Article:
Monday, January 17, 2022

John Keyse-Walker

John Keyse-Walker practiced law for 30 years, representing business and individual clients, educational institutions and government entities. He is an avid salt- and freshwater angler, a tennis player, kayaker and an accomplished cook. He lives in Ohio and Florida with his wife. Sun, Sand, Murder, the first book in the Teddy Creque mystery series, won the Minotaur Books/Mystery Writers of America First Crime Novel Award.

Keyse-Walker's latest Teddy Creque mystery is Palms, Paradise, Poison.

My Q&A with the author:

How much work does your title do to take readers into the story?

In the most ground-level sense, Palms, Paradise, Poison gets the reader fully into the substance of the story. “Palms” establishes that the setting of the book is tropical. “Paradise” shows that the setting is not just warm but idyllic. “Poison” is a guaranty of injury or murder. Put together, the three words say it all: Murder in the idyllic tropics.

I must confess that I am bad with titles; none of my working titles has ever made it into print. My wife, Irene, has come up with the titles to all three of my published books, as well as the fourth slated for release sometime in mid-2022. She is a title whisperer.

What's in a name?

Does the name build the character or the character build the name? The latter, I think. I do not try to use character names that imply some quality of the character’s personality. I like to leave that part to the character development in the writing itself.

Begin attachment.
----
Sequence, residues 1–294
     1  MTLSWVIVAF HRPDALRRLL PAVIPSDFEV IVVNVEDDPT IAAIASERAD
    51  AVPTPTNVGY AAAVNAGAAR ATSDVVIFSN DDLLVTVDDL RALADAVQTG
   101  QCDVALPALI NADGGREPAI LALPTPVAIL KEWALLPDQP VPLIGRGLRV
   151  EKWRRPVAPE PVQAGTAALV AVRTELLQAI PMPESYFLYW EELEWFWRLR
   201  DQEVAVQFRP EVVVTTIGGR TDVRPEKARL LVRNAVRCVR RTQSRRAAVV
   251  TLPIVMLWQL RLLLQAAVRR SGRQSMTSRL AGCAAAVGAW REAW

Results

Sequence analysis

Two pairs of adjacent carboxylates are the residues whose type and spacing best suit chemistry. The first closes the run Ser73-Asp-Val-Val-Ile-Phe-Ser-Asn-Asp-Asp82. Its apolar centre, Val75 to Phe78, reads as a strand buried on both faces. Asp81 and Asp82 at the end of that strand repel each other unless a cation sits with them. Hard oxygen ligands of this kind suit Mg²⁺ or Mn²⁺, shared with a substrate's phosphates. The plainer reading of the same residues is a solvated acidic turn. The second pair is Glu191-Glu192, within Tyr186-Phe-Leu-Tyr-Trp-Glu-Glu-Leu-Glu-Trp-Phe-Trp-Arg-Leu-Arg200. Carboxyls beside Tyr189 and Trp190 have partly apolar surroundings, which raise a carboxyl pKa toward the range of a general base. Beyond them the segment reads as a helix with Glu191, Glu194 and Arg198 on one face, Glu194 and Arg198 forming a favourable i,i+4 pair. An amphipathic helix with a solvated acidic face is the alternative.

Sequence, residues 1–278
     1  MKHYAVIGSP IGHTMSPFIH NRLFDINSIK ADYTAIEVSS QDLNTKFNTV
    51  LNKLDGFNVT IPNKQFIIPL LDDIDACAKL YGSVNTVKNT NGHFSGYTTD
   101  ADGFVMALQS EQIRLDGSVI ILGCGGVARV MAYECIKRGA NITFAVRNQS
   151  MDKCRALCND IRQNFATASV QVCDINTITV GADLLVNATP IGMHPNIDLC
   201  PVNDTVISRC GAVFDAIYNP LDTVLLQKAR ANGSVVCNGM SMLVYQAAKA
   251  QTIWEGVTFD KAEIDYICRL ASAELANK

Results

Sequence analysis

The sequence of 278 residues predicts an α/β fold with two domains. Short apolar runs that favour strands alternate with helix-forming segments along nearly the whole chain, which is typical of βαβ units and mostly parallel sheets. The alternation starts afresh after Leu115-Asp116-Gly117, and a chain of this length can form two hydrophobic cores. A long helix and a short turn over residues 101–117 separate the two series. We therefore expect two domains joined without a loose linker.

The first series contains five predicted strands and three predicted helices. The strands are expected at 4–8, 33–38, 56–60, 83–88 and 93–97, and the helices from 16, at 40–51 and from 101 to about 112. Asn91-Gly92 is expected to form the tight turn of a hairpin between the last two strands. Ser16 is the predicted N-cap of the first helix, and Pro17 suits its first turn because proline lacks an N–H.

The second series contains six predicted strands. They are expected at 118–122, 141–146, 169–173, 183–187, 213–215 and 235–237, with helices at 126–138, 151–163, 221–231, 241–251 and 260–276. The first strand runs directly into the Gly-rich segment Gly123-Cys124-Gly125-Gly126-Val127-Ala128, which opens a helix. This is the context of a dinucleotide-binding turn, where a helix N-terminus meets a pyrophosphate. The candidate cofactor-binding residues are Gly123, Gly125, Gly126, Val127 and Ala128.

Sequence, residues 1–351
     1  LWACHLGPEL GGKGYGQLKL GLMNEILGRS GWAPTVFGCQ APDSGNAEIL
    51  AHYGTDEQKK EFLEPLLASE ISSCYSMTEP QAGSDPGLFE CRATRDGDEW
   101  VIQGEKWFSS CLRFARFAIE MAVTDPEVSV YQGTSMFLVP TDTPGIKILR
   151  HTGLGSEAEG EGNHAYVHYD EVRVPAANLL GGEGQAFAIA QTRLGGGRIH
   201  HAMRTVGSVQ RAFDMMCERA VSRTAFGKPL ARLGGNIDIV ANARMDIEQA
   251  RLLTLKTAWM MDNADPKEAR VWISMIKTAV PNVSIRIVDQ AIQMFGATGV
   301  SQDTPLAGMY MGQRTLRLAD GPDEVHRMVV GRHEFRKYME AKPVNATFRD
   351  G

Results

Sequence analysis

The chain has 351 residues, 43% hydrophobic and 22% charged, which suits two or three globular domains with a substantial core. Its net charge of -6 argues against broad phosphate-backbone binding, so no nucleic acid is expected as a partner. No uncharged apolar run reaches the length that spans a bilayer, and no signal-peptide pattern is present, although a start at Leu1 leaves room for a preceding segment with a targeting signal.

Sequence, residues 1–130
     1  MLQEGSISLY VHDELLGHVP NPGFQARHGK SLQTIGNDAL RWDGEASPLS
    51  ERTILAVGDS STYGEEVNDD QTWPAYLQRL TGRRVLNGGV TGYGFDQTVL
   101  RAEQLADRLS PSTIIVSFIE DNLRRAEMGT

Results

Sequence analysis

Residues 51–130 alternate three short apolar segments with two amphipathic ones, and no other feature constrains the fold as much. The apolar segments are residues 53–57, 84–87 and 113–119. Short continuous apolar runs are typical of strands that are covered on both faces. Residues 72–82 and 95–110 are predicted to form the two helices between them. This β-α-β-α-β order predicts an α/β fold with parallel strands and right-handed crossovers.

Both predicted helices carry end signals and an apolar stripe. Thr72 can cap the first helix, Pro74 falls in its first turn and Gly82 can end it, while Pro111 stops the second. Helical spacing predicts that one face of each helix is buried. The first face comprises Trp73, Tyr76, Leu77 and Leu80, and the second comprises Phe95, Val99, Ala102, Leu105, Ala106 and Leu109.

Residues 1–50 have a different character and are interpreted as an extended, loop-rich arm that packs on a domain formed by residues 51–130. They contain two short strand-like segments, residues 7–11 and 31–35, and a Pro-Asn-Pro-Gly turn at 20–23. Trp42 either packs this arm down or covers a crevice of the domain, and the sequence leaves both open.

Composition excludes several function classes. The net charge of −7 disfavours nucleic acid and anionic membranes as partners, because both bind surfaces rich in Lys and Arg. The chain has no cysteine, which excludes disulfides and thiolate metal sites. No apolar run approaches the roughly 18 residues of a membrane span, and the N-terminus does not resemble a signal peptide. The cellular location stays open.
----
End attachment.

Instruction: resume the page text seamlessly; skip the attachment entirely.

However, I do believe it is very important to make the names of characters appropriate to setting or ethnicity. Much of the action in Palms takes place in Cuba, so I researched the common surnames and given names for the island and use names that a local would recognize as a name that their neighbor might have.

Do you find it harder to write beginnings or endings? Which do you change more?

I love writing both and find neither difficult. Something always inspires beginnings. In Palms, which opens with a hurricane striking the small island of Anegada, my real-life experience with Superstorm Sandy and Hurricanes Irma and Eta made the writing and the drama real. And endings almost write themselves.

Do you see much of yourself in your characters? Do they have any connection to your personality, or are they a world apart?

Good writing is based upon the writer’s experiences in the world. Those experiences are viewed through the lens of the writer’s personality, so I think there is much of me, both bad and good, in my series main character, Constable Teddy Creque.

What non-literary inspirations have influenced your writing?

The natural world has been a significant inspiration to me. Every life is shaped by the natural environment in which one lives and I try to bring that to my books. My other influence is movies. While writing, and especially while writing dialogue, I visualize my characters as if they were acting in a movie.
Visit John Keyse-Walker's website.

My Book, The Movie: Sun, Sand, Murder.

My Book, The Movie: Beach, Breeze, Bloodshed.

The Page 69 Test: Palms, Paradise, Poison.

--Marshal Zeringue